February Is Black History Month, But We Will Always Remember Emmett Till


Lorely Gaytan, Staff Writer

Emmett Till grew up as a happy boy who helped around the house with chores. He was born in Chicago on July 25,1941. He was an only child. His mother raised him. He never met his dad who died in World War 11.

His mother said he liked to joke and he was a little jokester. When he was visiting relatives in 1955  he was near Money, Mississippi. There was a store owned by a white couple Roy and Carolyn Bryant. Till was with some friends the day he went to the store but only he went inside the store. After Emmett left the store, Carolyn accused him of flirting with her in a disrespectful way.  Emmett “whistled” at Carolyn,  therefore Emmett violated the unwritten code of black males interacting with white females. She said she wouldn’t tell her husband about the incident that happened, but later that day the husband found out.

Emmett was spending days at his great-uncle’s house when Roy and his half brother J.W William, who were armed, went and abducted him from there. After abducting him they beat and mutilated him before shooting him in the head. His body was dumped in Tallahatchie River, and was found 3 days later and retrieved from the river. They couldn’t identify his body by how messed up they left him. Emmett was only identified by a item he was wearing.

His body was eventually sent back to Chicago where his mother insisted on a public funeral service with an open casket. It was later said that, “The open-coffin funeral held by Mamie Till Bradley exposed the world to more than her son Emmett Till’s bloated, mutilated body. Her decision focused attention not only on U.S racism and the barbarism of lynching, but also on the limitations and vulnerabilities of American democracy.”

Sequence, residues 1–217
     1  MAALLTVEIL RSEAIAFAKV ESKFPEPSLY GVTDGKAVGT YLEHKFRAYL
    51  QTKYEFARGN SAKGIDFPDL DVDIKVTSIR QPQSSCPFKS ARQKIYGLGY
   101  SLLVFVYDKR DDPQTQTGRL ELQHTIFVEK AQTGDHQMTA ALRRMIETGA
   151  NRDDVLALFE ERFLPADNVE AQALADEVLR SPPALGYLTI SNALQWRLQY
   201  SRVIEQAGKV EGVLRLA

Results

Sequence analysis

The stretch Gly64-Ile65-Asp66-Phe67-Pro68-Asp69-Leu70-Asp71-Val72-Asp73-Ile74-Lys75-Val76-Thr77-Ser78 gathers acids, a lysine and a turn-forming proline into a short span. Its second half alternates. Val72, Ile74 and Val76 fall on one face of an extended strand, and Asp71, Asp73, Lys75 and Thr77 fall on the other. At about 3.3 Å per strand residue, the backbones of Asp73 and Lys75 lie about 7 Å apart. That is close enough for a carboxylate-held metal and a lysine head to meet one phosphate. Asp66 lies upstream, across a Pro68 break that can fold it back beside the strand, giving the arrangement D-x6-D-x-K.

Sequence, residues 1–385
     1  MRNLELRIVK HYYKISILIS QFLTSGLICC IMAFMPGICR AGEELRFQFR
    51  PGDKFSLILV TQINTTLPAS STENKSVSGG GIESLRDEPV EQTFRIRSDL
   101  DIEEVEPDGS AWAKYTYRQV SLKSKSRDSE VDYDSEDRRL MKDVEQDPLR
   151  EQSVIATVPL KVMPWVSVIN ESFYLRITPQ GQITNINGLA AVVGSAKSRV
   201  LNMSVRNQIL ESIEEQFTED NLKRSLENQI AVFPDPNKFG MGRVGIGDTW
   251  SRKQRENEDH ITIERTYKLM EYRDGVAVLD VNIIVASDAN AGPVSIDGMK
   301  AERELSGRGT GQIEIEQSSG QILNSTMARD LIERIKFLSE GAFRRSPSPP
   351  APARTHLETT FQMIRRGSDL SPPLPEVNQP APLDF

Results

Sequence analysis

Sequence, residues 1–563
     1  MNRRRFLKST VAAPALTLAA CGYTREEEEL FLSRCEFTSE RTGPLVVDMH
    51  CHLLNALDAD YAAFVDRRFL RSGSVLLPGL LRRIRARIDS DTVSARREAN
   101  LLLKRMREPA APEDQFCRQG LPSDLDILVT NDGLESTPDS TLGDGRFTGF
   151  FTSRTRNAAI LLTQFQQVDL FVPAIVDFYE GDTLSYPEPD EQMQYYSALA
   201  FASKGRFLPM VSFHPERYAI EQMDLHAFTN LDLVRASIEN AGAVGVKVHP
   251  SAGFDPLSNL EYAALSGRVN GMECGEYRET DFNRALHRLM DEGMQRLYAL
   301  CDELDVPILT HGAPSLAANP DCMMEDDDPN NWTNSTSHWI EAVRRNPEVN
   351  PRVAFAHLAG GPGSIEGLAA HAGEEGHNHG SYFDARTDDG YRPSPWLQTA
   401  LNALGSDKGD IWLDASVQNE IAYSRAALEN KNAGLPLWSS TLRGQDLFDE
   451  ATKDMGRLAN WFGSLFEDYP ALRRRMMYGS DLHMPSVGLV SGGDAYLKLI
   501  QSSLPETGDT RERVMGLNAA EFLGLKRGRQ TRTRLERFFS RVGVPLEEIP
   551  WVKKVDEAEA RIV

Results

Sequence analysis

Thousands of people attended his funeral and viewed his open casket. Photos of his mutilated body and open casket were published in black-oriented magazines and newspapers popular to black support and white sympathy across the U.S. Intense scrutiny was brought to bear on the lack of black civil rights in Mississippi, with newspapers around the U.S. critical of the state.

In September 1955 an all-white jury found Bryant and Miliam not guilty of Till’s murder, yet they both admitted in 1955 to killing Emmett. Till’s murder was seen as a catalyst for the next phase of the civil rights movement. An Emmett Till Memorial Commission was established in the early 21st century. 100 days after Till’s murder, Rosa Parks refused to give up her seat to a white man and was arrested. She was motivated by the emotion surrounding Emmett Till’s story.

Carolyn Bryant is still alive as  of this year, 2o22, and has not apologized.